Mom: Son bound with duct tape by father; no charges filedPosted: Updated:
PHOENIX - A 5-year old special needs boy was bound by his father with duct tape at his hands and feet.
Police called it a clear case of child abuse but there is no way to know because it never went to trial.
Investigators called it an "open and shut" case. There were no conflicting stories, there was hard evidence and even an admission but apparently, that is still not enough.
Jasper Smalley has been in a battle since birth. In his meager 5 years, Jasper has been diagnosed with Obsessive Compulsive Disorder, Bi-polar Disorder and Asperger's Syndrome, which is a type of Autism that his mother, April Smalley, says affects his social skills.
She admits, "It takes a lot of patience and love to take care of a boy like this."
April says one day her ex-husband found out Jasper was caught hitting other children at daycare. "He called me after he had taped him up and told me he had duct-taped our son.I asked him to remove the tape immediately, and he said he wouldn't.He said he was being punished."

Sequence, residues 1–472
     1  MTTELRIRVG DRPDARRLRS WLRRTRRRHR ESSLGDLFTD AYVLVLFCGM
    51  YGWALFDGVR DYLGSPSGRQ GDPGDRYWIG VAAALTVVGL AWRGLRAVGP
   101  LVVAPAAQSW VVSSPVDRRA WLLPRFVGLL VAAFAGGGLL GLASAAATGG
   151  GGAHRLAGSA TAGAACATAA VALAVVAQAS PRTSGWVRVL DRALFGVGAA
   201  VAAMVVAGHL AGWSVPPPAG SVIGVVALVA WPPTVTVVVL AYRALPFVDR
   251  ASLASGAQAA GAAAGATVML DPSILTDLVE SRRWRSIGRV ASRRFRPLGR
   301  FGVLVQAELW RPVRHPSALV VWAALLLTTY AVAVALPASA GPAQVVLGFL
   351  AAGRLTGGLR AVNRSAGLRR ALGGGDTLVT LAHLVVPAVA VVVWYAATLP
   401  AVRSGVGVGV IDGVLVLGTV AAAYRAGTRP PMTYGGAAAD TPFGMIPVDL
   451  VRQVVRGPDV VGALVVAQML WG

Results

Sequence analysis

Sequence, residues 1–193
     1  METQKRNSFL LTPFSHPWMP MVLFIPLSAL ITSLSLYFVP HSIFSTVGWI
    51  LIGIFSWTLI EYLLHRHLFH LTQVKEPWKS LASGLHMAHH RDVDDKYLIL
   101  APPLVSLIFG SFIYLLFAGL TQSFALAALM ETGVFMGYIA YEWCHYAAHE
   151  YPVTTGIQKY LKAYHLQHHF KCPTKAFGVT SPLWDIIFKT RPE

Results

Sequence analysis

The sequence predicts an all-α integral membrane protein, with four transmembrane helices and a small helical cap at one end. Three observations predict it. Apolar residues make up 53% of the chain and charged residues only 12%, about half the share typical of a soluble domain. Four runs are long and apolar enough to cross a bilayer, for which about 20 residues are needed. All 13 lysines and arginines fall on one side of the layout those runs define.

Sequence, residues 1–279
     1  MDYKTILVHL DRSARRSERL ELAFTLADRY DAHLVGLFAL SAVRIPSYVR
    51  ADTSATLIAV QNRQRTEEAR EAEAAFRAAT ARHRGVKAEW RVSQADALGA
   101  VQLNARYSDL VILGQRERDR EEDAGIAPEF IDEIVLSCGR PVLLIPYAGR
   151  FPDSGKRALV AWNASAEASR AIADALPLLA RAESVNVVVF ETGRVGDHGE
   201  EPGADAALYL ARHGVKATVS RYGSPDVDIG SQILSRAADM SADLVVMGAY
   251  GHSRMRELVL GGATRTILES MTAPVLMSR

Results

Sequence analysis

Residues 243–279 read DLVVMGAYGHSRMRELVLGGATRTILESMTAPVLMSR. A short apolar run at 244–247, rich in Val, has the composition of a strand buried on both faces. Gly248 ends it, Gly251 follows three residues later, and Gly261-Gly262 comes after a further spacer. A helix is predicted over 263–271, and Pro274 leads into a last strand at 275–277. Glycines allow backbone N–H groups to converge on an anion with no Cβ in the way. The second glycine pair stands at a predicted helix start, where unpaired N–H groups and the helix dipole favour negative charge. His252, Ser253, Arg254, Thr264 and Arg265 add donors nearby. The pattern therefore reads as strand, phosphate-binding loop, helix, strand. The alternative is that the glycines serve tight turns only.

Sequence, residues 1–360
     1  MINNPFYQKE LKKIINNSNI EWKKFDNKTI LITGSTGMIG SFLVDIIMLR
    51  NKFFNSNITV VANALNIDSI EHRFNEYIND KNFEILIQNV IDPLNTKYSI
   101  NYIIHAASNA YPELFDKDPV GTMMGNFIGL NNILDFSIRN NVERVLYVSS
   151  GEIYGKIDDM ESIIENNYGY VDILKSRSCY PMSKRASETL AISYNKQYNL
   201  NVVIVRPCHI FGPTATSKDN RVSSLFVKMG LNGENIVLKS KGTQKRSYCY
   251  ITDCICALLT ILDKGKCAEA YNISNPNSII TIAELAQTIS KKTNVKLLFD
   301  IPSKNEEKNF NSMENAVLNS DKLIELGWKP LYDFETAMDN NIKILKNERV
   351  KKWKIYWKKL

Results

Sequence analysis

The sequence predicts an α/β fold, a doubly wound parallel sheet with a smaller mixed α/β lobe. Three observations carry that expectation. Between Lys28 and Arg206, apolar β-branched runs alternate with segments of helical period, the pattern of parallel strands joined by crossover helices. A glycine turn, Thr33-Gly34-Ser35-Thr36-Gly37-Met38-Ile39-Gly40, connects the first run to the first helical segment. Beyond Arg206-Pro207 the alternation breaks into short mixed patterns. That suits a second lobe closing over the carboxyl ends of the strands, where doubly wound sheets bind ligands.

It was a punishment that made its mark in Jasper who was bound at his wrists and ankles.
April explains, "There were red abrasions on his wrists. It looked almost like where the tape had cut into his arm."
April called Tempe Police. The police report says Philip Smalley admitted to taping his son three times. It reads, "Philip then took more tape and taped Jasper's feet back together and taped his hands back together and taping up to the shirt sleeve of Jasper to prevent him from wiggling out from the tape again."
The report goes on to say, "Jasper was crying and crawled on the ground to his bedroom with his hands and feet taped together where he sat and cried."
The next day a judge granted April an order of protection against Philip.Police investigators called the case "felony child abuse" and sent it to the county attorney's office but prosecutors never accepted charges.
Tempe Police Dept. spokesperson Steve Carbajal says, "You know, obviously the county attorney, they make their decisions based on the way they do their business.We feel comfortable and confident we did a thorough investigation."
Vincent Gonzalez, April's lawyer, tells 3TV, "We have admissions, we have photographs, we have the psychological harm done to the child.There is enough.There should have been enough.Any prosecutor could pick this up and get a conviction."
But April says prosecutors told her they would never get a guilty verdict. For now, there is no way to know if it would be a waste of time, or worth a try.
April explains, "They don't care about a child that's been abused.My son is never going to see justice.No one is looking out for his well being and what's happened to him is nothing."